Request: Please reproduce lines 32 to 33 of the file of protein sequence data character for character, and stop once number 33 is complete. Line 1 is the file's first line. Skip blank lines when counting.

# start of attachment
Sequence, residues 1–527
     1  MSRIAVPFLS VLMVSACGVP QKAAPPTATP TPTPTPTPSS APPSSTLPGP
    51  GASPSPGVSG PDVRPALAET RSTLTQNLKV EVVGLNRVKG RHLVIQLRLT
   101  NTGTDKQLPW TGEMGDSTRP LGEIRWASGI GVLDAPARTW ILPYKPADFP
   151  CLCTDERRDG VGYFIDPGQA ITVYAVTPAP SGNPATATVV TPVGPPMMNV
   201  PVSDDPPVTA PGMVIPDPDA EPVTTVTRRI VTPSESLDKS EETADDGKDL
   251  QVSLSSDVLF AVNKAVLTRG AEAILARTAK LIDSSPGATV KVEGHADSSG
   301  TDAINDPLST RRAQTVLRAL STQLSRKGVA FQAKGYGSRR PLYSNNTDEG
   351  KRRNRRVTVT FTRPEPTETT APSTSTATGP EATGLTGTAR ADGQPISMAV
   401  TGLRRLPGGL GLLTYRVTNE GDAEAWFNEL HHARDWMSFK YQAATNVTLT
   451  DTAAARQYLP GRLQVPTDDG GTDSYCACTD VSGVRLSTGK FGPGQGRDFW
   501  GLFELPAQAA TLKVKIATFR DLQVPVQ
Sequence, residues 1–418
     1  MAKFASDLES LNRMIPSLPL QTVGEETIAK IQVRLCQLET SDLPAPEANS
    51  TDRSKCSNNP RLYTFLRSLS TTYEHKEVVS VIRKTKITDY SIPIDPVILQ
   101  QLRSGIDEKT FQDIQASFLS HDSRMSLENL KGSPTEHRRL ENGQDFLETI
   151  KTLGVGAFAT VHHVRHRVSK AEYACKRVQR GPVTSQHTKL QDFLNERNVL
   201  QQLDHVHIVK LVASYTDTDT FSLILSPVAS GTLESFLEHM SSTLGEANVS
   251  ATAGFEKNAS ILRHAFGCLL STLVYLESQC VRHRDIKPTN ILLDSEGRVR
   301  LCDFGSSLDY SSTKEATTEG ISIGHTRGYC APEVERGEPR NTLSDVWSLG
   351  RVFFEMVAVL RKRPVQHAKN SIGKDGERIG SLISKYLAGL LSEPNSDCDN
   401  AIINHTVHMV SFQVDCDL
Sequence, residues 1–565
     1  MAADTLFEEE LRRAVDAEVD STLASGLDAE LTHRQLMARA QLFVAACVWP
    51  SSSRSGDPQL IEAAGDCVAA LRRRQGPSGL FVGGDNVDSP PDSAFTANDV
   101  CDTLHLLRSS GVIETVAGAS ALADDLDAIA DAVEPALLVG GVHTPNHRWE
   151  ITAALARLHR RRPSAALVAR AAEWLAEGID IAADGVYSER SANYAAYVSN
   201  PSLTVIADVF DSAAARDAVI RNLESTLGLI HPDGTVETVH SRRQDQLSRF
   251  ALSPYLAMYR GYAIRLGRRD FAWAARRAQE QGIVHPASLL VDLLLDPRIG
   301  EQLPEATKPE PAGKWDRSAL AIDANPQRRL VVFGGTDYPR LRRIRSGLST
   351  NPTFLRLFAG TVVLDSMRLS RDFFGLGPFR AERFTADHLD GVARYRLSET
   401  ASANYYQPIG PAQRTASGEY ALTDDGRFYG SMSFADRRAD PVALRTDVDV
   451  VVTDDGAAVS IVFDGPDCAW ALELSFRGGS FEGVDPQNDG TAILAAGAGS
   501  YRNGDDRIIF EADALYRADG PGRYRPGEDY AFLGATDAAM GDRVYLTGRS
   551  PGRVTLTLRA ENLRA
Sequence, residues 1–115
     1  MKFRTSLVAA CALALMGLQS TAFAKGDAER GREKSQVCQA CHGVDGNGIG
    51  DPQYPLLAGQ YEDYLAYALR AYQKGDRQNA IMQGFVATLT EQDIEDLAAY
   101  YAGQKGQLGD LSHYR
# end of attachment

   401  ASANYYQPIG PAQRTASGEY ALTDDGRFYG SMSFADRRAD PVALRTDVDV
   451  VVTDDGAAVS IVFDGPDCAW ALELSFRGGS FEGVDPQNDG TAILAAGAGS